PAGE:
Scott Wedel 7 years, 8 months ago

"I need the annexation agreement to be as strong as possible because city officials are going to turn over," Mulcahy said.

Assuming that is an accurate quote - it also scary because all of these approvals cut only in one way.

If the annexation includes mistakes or miscalculations by the City then the City cannot do anything about that.

If the annexation includes mistakes or miscalculations by the developer then the developer puts the project on hold and asks the City to modify the deal.

It is just crazy to annex something with an affordable housing plan that will be plan for the entire project over it's 20+ years build out when the City has yet to find a working affordable housing plan, or has been able to keep the same plan for more than 2 years.

It is just wrong to approve vesting of development rights that it is known that will not be developed for at least 10 years. They should annex a third of it and wait to do the rest until after they see what was good and what was not so good.


Fred Duckels 7 years, 8 months ago

Scott, You are right, we can't nail down everything perfect, and this will take many concessions by both sides over the years, look at our affordable housing efforts. 700 has made many concessions to date, including water problems in order to be fair. Going down the road if the project goes well the city can share in the good fortune by demanding more. If the project falters I'm sure that decisions will be necessaary. The project is essentially our future and it takes good faith on both sides to benefit. If there is money to be made, we will grow in spite of efforts to slow down, this lets us organize and have 700 contribute to the problem. Without a major project it will be difficult to get contributions for infrastructure. If growth does not come readily it will be the 700 that will suffer most. We have enough political pressure to effect problems that arise in the future, you can't fight city hall.


danny 7 years, 8 months ago

Scott- That wasn't a quote but more of a paraphrase. Our view is: it is important for both the City and SB700 to have an solid annexation agreement for many reasons, not the least of which is because the City has expressed a concern that SB700 may not be around in ten years-my comment was that Steamboat 700 shares a similar concern because City Councils and city leadership will turn over. The City's annexation attorney and negotiating team have worked very hard, and driven hard bargains, in getting this document to where it is. Hopefully we (the City and SB700) have addressed everything in the agreement, but we can be certain that over 20 years both parties will consider amendments that would be beneficial to both parties. Ultimately, any changes to the agreement would be the choice of future City Councils and not Steamboat 700's-but the annexation agreement will help set the table.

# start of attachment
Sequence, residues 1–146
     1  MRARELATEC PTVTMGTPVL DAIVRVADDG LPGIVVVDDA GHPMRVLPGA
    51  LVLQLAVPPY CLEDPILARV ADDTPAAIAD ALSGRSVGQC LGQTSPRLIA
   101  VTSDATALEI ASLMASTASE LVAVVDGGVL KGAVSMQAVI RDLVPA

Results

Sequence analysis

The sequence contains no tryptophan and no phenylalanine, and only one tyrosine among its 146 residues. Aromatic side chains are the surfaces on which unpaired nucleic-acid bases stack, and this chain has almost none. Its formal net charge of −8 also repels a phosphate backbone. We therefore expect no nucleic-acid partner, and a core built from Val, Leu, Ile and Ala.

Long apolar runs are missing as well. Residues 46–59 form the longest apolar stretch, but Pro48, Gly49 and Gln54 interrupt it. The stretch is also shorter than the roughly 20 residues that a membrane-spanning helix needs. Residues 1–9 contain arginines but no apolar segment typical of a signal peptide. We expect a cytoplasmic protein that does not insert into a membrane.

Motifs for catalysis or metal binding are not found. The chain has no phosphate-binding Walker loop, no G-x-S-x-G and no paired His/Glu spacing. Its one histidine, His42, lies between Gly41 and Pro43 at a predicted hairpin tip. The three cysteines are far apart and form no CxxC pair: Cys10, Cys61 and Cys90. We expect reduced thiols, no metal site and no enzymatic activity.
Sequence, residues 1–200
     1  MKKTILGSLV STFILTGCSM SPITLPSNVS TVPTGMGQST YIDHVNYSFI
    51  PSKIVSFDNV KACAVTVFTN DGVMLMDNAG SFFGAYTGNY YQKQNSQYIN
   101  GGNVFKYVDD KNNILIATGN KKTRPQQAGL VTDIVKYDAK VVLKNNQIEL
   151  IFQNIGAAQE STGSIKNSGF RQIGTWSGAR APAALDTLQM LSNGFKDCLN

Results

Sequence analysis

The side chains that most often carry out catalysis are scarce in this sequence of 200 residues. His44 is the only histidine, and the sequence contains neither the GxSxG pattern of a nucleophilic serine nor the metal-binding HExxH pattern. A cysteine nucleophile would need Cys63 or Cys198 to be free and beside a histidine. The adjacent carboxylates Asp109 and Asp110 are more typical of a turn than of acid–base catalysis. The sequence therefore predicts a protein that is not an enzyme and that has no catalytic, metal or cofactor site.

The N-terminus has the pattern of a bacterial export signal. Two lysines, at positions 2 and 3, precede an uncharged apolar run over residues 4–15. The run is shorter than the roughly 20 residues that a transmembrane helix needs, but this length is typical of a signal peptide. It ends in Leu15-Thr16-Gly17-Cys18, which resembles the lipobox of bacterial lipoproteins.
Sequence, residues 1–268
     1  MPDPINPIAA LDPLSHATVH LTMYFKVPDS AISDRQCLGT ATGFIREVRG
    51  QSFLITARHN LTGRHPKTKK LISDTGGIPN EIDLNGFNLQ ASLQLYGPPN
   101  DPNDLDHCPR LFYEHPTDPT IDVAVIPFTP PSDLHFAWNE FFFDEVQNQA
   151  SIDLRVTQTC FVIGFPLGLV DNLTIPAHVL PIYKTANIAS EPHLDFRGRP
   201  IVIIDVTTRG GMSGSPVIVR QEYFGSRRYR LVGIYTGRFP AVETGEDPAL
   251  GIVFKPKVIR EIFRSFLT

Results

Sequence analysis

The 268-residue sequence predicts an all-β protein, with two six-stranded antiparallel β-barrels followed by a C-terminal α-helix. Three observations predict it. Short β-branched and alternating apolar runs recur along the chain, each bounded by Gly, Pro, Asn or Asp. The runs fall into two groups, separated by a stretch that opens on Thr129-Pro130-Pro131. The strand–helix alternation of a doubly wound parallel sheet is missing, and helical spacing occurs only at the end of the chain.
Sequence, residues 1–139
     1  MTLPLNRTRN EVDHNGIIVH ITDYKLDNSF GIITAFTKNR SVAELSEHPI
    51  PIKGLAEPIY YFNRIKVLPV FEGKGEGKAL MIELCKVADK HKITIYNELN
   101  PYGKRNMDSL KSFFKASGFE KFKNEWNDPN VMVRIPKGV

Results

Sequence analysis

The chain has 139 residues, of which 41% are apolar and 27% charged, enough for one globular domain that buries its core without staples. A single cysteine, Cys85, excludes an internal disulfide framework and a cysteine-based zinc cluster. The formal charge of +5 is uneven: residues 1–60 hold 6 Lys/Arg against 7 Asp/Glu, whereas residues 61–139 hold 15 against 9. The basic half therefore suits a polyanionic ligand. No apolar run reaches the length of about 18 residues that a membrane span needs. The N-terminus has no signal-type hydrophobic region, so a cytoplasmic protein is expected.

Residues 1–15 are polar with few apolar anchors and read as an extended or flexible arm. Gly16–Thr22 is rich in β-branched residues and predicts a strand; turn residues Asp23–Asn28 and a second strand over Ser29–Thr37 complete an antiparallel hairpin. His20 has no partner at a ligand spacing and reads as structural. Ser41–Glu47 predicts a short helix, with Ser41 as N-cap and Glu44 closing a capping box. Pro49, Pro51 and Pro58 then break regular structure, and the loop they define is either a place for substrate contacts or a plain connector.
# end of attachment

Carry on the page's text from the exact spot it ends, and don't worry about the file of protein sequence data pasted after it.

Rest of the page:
Also, I couldn't agree with you more about the challenges of affordable housing in the annexation agreement-there is no crystal ball in predicting what the next 20+ years will bring and what the affordable housing needs will be. That is why the current SB700 plan has a perpetual funding mechanism and a land donation to the city. With that land and funding, the community will have the flexibility to choose within each subdivision what they need for affordable housing to meet the market demands of the time ie.. apts, condos, duplex, quads, SF. This plan has the potential to provide up to $40 million over 20 years and produce in excess of 20% affordable housing at SB700-and the City and the community have the flexibility to decide how it gets implemented.

Additionally, as it relates to the vesting: the primary purpose stems from the fact that a certain level of infrastructure is necessary regardless of whether the phases at S700 include ten houses or one hundred. That base infrastructure costs in the tens of millions of dollars-the vesting means SB700 has a reasonable period of predictability to finance and implement the infrastructure- notwithstanding market conditions.


Scott Wedel 7 years, 8 months ago

Not quite journalism for a direct quote to be denied but accepted as being paraphrased.

Anyway, the issue remains that if the annexation turns out to be a mistake in the developer's favor then the developer will hold the city to the terms of the agreement. Meanwhile, if it is a mistake unfavorable to the developer then the developer will come to the City Council to get it fixed to get the project back on track.

I think this is going to a public vote regardless of what the City Council does. If this annexation agreement could result in 2,000 residential units that over the next 20 years consistently fails to meet the objectives of the community growth plan then it would be easy to vote against the annexation.

There needs to be a way to periodically review this and make adjustments if it is failing to meet the agreed upon objectives of the annexation.